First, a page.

A Long and Influential Career

(Literary Essentials: African American Literature)

Amiri Baraka (born Everett LeRoi Jones) is a leading African American poet who has also written essays, short stories, a novel, a major study of American jazz, plays, a musical drama, and an autobiography. He has founded the Black Arts Repertory Theater-School, edited seminal anthologies and journals of avant-garde and African American writing, received major scholarly fellowships and awards, taught at several major American universities, and been an influential political and cultural leader in the African American community. Baraka’s life, achievements, and writing have reflected—and have often helped determine—the evolution of African American thought in the last half of the twentieth century and beyond. The philosophical and political developments in Baraka’s thinking have resulted in four distinct poetical periods: a 1950’s and 1960’s involvement with the Greenwich Village Beat scene, an early 1960’s quest for personal identity and community, a phase connected with Black Nationalism and the Black Arts movement, and a Marxist-Leninist period.

Everett LeRoi Jones was born in Newark, New Jersey, in 1934. His father was a postal worker; his mother was a college dropout who became a social worker. Graduated with honors from Barringer High School in 1951, Jones first attended Rutgers University on scholarship and transferred to Howard University in Washington, D.C., in 1952, only to be expelled in 1954 for failing grades. He immediately joined the U.S. Air Force, attaining the rank of sergeant, but he was discharged “undesirably” in 1957 for having sent some of his poems to purportedly communist publications. Upon his release, Jones moved to Greenwich Village; became friends with such avant-garde poets as Allen Ginsberg, Frank O’Hara, and Charles Olson; and married Hettie Cohen, with whom he edited a literary journal.

Political Awakening

(Literary Essentials: African American Literature)

In 1960, Jones—along with several other important “Negro writers”—was invited to visit Cuba, where he met Fidel Castro. He witnessed Cuba’s socialist infancy firsthand and realized how political poetry could be. The success of his play Dutchman (pr., pb. 1964) and the murder of Malcolm X in 1965 convinced Jones that Greenwich Village’s white Beat poetry scene and his white Jewish wife contradicted his interests in African American communities and issues. Consequently, he moved initially to Harlem and then back to Newark. During this period, Jones—along with Larry Neal, Hoyt Fuller, Don L. Lee, and others—initiated the Black Arts movement, a cultural embodiment of Black Nationalism. He also married Sylvia Robinson (Amina Baraka) and in 1967 changed his name to Imamu Ameer Baraka, meaning “spiritual leader and prince who is blessed.” He later simplified the name to Amiri Baraka.

Throughout the 1960’s and into the 1970’s, Baraka’s major interests were the Black Power movement, Black Muslim philosophy and politics, Maulana Ron Karenga’s Kawaida cultural revolutionary doctrine, and pan-Africanism. In 1974, however, Baraka became convinced that these “cultural nationalist positions” were too narrow in their concerns and that class, not race, determines the social, political, and economic realities of people’s lives. For this reason, he shifted his focus in writing and politics to Marxist-Leninist thought.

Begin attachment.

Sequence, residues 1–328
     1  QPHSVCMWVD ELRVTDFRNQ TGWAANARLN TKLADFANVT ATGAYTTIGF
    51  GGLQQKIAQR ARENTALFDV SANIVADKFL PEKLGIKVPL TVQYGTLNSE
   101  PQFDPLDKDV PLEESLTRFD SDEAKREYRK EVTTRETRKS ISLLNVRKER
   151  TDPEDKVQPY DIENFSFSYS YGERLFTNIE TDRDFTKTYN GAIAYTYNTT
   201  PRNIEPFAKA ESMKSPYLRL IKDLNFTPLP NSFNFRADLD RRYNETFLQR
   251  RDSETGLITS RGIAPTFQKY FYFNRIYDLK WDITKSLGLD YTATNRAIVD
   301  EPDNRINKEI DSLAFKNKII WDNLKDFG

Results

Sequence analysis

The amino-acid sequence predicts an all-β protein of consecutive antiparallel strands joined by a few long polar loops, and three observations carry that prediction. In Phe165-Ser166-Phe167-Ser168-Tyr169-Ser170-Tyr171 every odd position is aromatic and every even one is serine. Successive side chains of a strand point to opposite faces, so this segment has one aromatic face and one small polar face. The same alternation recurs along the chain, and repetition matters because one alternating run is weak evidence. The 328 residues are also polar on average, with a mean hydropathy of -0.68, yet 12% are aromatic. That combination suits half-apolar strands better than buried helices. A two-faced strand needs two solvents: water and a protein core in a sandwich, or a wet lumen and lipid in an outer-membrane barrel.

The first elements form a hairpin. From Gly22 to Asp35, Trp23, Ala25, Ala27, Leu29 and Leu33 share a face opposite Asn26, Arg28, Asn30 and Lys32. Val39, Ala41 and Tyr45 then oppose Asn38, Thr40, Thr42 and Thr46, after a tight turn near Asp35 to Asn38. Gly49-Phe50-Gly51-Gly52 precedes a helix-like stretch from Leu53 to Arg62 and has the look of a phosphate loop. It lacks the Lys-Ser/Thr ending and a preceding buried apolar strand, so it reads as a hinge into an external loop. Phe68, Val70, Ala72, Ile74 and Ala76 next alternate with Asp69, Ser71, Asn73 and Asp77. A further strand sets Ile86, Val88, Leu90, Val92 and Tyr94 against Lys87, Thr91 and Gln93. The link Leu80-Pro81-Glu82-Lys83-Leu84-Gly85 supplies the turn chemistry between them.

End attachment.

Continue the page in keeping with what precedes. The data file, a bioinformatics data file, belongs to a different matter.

Post-World War II avant-garde Greenwich Village poetry represented a break from what Baraka considered the impersonal, academic poetry of T. S. Eliot and the poetry published in The New Yorker. When Baraka read Allen Ginsberg’s 1956 poem “Howl,” it was a turning point in his poetic life. Baraka says “Howl” moved him because “it talked about a world I could identify with and relate to. . . . I now knew poetry could be about some things that I was familiar with. That it did not have to be about suburban birdbaths and Greek mythology.” In “How You Sound??” Baraka wrote: “MY POETRY is whatever I think I am. . . . I CAN BE ANYTHING I CAN. I make a poetry with what I feel is useful & can be saved out of all the garbage of our lives.” He came to believe not only that any observation, experience, or object is appropriate for poetry but also that “There must not be any preconceived notion or design for what the poem ought to be. . . . I’m not interested in writing sonnets, sestinas or anything . . . only poems.”

The Politics of Personal Experience and Popular Culture

(Literary Essentials: African American Literature)

What interests Baraka is his own experience, popular American culture, and the struggle between the seemingly contradictory black and white worlds in which he dwells. A number of Baraka’s early poems published in Preface to a Twenty Volume Suicide Note (1961) express a yearning for a more orderly and meaningful world that he associates with radio. He calls this yearning “A maudlin nostalgia/ that comes on/ like terrible thoughts about death.” In “In Memory of Radio,” Baraka compares the wisdom of Bishop Fulton J. Sheen and the Shadow to his own lack of insight into the evil that “lurks in the hearts of men.” Meanwhile, “Look for You Yesterday, Here You Come Today” contrasts the certainty of radio’s imagined worlds to the real world, in which, Baraka realizes, “nobody really gives a damn” and “All the lovely things I’ve known have disappeared.” Almost despairingly, he wonders, “Where is my space helmet, I sent for it/ 3 lives ago . . . when there were box tops. . . . THERE MUST BE A LONE RANGER!!!” Neither the Lone Ranger nor his other radio companions come to the rescue. The poet is left alone and forlorn, “My silver bullets all gone/ My black mask trampled in the dust.”